This previous weekend found me and 60 other people attending the St. Louis Area Methods Meeting (SLAMM). This is the 3rd SLAMM I have attended, and the quality of the conference is consistently high. This year we had 4 speakers on Friday, which are the subject of this post. The conference also included graduate student speaker presentations on Saturday morning, which will be the subject of a second article.
The first speaker on Friday was Andrew Martin of Washington University reprising his talk of the previous year on The Supreme Court Database. The database is a ever growing collection of coded United States Supreme Court decisions. At the moment, the comprises two phases of the court history (from inception to the mid-1800’s and from the 1950’s to present).
This year, Martin gave us a peak behind the curtain at some of the more technical aspects of the implementation. Specifically, some details on their use of rApache, an Apache module that ties R to HTTP requests. While I am eager to have social scientists place their data on the web and integrate it with search and analysis tools, the talk highlighted to me the importance security when writing web front ends. From a subsequent email conversation with Andrew Martin, I am glad to report that the SCDB is working hard on security. Other projects should copy this aspect of the SCDB as well as its excellent feature set.
The second speaker of the day, Jong Hee Park of the University of Chicago, presented new techniques for intervention analysis. Given a time series data set and an intervention at a specific point, how can we compare the post-intervention data with a world in which the intervention did not occur? Additionally, while we may know the exact date of an intervention, the actual impact may come either earlier later (if agents anticipate the intervention in the first case or if there a lag between intervention and results). To this end, Park employs a Bayesian change-point model. In the simplest case, this modeling becomes a robustness check: the method detects the change when we think it will occur. In more interesting cases, the change point analysis points to an earlier or later location for the regime change.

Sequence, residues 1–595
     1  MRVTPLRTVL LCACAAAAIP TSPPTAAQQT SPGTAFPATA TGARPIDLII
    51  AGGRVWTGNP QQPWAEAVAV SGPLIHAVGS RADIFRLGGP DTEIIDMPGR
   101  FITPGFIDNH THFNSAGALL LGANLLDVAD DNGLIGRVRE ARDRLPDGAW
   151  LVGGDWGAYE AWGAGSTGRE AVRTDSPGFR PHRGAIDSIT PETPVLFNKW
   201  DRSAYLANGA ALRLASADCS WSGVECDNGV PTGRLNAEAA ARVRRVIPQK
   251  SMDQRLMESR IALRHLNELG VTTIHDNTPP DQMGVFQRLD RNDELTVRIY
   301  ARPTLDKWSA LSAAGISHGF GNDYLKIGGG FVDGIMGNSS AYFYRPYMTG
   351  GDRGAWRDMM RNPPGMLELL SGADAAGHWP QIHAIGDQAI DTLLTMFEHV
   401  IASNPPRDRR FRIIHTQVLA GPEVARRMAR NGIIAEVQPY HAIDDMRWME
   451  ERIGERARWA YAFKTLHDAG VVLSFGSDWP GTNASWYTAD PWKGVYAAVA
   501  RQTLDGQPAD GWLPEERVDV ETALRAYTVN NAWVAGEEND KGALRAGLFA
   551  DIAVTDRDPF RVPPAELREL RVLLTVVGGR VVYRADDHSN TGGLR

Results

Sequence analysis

After we detect/confirm the change point, we can then turn to predicting the results in the absence of the actual intervention. Park presented a method that was similar to the “synthetic control” technique of Abadie, Diamond and Hainmueller. In essence, we use units that did not receive the treatment to create a projection of our treatment unit without the intervention.
The discussion of the paper was handled in a typically lighthearted fashion by Jake Bowers, getting several laughs from the audience. Bowers prompted us to think about the plenitude of ways in which we might summarize the effect of an intervention (i.e., not just a mean change to stationary process) or might fit our prediction curves.
The third Friday talk was given by Minjung Kyung of Washington University. Kyung is in the mathematics department at WUSTL, and the talk suffered from the unfamiliarity of political scientists with mathematicians and vice-versa. The subject of talk was spline with a Bayesian technique that is less computationally intensive than previous techniques. While the talk was motivated by the problem of analyzing “synthetic data,” I was never entirely clear why a spline approach was required for data that has passed through an obfuscation procedure.
The final Friday talk came from John Jackson of the University of Michigan. Jackson is trying to extend individual models of vote choice to aggregate models and measurements of partisanship. In other words, can we develop individual models of learning and attachment that translate to the larger trends we observe in aggregate data. While I think this approach is interesting, I am concerned that it is premised on assumption of individuals as atoms, not influence and learning from each other. Politics is an inherently social behavior. Neighbors, family members, door-to-door canvassers all interact to reinforce and challenge our political positions. While we would observe these effects in the aggregate, they are not captured by an individual based model of partisanship at the lower level.